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Councils ‘ill-equipped’ to cope with volatility of business rates retention, report warns

Councils ‘ill-equipped’ to cope with volatility of business rates retention, report warns

🕔24.May 2016

The Government must make sure poorer cities and regions do not lose out when local councils are permitted to retain a hundred per cent of business rates, two leading think tanks have warned.

Core Cities UK and Metro Dynamics say the localisation of business rates is a welcome step towards fiscal devolution for town halls, but warn that some local authorities are ill-prepared to cope with “a volatile source of income”.

Councils will be able to keep all of the business rates they collect from 2020, when the Government will scrap the direct grant it has paid to local authorities for decades.

The measure has been presented by Chancellor George Osborne as a means of handing councils greater financial freedom. He believes authorities will be given an incentive to create jobs and encourage economic development in order to maximise business rates growth.

But the Metro Dynamics report, which can be found here, says plans to devolve business rates, while an important stage towards fuller fiscal devolution, needs to be managed carefully as the rates are a volatile source of income that can vary according to how a local economy is performing with local authorities ill-equipped to absorb short-term economic shocks.

Metro Dynamics argues that business rate localisation should be part of a basket of fiscal measures devolved to cities.

The report follows the disclosure that Birmingham city council, the country’s largest authority, is running a £42 million business rates deficit caused chiefly by firms appealing against the size of their bills.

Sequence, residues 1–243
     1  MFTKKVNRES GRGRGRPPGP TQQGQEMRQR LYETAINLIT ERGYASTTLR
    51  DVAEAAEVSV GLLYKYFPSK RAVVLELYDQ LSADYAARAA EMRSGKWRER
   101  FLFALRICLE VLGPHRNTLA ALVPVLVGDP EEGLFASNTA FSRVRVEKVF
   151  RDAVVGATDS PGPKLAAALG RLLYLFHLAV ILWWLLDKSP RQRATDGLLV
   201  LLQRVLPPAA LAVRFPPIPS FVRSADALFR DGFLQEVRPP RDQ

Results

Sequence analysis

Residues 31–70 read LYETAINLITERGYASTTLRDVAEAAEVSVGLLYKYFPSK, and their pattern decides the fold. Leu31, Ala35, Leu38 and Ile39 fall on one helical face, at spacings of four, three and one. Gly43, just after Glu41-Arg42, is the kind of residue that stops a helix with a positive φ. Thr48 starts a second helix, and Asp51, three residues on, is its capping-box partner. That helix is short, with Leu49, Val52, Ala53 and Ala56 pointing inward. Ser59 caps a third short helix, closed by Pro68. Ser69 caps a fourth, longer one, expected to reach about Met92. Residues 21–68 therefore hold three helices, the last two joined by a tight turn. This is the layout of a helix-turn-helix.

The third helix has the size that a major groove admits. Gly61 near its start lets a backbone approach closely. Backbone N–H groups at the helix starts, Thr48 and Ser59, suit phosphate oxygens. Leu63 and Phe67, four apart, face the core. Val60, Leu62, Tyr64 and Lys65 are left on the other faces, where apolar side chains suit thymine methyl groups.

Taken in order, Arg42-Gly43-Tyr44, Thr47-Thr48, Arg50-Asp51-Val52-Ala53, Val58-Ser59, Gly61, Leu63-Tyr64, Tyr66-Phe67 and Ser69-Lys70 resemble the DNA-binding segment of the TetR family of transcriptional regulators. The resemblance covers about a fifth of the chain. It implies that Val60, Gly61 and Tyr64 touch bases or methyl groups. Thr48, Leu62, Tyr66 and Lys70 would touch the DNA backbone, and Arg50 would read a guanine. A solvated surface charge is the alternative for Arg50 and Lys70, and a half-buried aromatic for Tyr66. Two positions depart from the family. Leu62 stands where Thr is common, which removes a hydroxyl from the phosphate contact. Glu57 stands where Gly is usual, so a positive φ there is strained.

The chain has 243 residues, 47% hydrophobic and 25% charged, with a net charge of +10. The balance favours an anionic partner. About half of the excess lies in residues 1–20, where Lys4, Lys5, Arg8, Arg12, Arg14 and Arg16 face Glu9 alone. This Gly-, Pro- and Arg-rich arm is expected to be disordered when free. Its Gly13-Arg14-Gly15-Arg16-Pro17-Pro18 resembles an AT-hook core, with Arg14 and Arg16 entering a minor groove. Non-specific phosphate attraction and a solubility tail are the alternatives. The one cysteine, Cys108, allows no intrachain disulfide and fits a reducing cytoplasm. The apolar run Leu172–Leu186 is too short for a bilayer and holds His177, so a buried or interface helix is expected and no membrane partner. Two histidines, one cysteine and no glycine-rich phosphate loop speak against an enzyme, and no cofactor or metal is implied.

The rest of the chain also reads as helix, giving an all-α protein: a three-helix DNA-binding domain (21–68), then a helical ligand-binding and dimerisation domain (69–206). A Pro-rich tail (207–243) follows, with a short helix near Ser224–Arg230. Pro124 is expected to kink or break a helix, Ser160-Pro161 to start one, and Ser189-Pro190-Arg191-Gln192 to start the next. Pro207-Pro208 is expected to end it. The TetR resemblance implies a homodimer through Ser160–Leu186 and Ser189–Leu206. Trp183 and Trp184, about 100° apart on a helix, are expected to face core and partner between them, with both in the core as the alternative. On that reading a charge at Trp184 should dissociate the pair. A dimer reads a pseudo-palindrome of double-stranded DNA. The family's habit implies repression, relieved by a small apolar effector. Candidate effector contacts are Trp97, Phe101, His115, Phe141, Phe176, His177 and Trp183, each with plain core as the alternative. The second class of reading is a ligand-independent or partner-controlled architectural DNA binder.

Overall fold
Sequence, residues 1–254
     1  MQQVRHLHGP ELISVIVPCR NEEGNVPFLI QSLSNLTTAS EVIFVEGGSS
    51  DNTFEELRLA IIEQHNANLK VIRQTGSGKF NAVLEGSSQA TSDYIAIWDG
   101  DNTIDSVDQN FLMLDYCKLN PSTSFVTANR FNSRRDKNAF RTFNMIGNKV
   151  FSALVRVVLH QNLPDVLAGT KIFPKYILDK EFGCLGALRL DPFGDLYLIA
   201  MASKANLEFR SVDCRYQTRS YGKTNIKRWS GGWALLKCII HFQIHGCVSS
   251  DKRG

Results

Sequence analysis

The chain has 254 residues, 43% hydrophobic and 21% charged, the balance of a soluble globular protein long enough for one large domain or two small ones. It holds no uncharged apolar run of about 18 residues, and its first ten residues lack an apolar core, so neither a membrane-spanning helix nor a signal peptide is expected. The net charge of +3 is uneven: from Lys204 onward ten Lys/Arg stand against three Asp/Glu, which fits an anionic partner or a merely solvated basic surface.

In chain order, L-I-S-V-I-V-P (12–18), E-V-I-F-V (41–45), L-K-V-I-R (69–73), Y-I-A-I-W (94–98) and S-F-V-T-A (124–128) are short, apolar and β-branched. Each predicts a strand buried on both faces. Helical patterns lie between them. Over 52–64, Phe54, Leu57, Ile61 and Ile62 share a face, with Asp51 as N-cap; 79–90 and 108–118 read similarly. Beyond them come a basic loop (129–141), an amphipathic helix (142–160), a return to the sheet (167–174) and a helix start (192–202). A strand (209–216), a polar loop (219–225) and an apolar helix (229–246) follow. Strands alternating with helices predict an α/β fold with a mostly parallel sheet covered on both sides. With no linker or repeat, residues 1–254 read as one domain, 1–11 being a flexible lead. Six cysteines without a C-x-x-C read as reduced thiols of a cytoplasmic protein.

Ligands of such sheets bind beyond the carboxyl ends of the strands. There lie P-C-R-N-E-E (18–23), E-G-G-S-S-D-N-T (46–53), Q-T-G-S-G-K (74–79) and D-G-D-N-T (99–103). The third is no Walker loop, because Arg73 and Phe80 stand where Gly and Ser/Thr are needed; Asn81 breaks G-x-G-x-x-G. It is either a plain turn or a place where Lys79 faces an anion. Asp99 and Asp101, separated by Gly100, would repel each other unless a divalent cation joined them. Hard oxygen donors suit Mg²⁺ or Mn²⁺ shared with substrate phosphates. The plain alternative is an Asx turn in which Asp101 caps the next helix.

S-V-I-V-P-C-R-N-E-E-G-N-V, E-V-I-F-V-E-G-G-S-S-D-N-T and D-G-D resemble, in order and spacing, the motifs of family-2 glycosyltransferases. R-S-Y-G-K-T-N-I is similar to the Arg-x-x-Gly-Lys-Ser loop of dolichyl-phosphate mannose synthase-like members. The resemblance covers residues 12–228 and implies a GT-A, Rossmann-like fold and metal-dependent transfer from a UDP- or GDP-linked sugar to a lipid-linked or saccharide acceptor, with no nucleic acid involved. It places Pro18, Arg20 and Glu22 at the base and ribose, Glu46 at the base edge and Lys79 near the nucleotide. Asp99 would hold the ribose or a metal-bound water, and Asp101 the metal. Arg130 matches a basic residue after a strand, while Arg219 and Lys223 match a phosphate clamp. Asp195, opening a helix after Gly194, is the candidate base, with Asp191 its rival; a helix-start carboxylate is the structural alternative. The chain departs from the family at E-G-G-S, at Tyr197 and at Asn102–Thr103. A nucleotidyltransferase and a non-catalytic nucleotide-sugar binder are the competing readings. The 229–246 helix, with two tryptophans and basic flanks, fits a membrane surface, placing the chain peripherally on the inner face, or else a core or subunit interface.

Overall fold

The £42 million deficit consists of £24.5 million for 2015-16 plus a historic deficit of £17.6 million after allowing for backdated appeals.

Core Cities UK is calling for a “workable and fair solution” to be found to Business Rate localisation.

Any additional responsibilities handed down within the new system must focus on helping cities to tackle productivity and reform the public sector to achieve better outcomes, in ways that match the distinctive local needs of different places, the think tank added.

Manchester-based Metro Dynamics’ report, A Call for Greater Fiscal Autonomy for Our Cities, argues that cities should be able to retain more of the money raised within them to spend locally and in the longer term should move towards fuller fiscal devolution – in line with cities across Europe and the rest of the world.

The report states that the Government’s immediate priority should be to achieve ‘sensible reform’ of business rate retention at a local level – making sure city finances are not disadvantaged in the short term.

Sarah Whitney, a director of Metro Dynamics, said:

Fiscal autonomy is not about imposing new taxes. It is about giving local authorities greater control over their finances so they can produce better economic outcomes than are currently possible within the existing highly-centralised system of local government finance.

The only two taxes over which English councils have any degree of control are council tax and business rates. Most cities within the OECD countries have control over many more taxation streams and many receive direct allocation of national or federal taxes.”

Business rate localisation is a welcome start – but we need to recognise that fiscal devolution poses significant additional risks and burdens as councils wrestling with the complexities of this reform are finding out. For this reason, cities need further fiscal freedoms to help them manage this risk.

The report points out that the UK is way behind when it comes to fiscal freedoms for major cities. Tokyo retains 80 per cent of the taxes it raises compared to an estimated nine per cent for English cities from 2020 even after business rate devolution. The OECD average is around 25 per cent.

The report goes on to recommend that:

  • Central government, London and Core Cities UK, with representation from the Local Government Association, should come together to deliver a reformed business rate system.
  • Government should commit to a longer term – but timetabled – programme of wider fiscal reform focusing on local authorities retaining more of their tax base.
  • Government should initiate a series of events with city authority and private sector representatives, setting out the principles and operation of fiscal devolution.
  • Government and cities should seek cross-party support for principles and progress of longer term fiscal devolution, ensuring space within any future legislative schedule.

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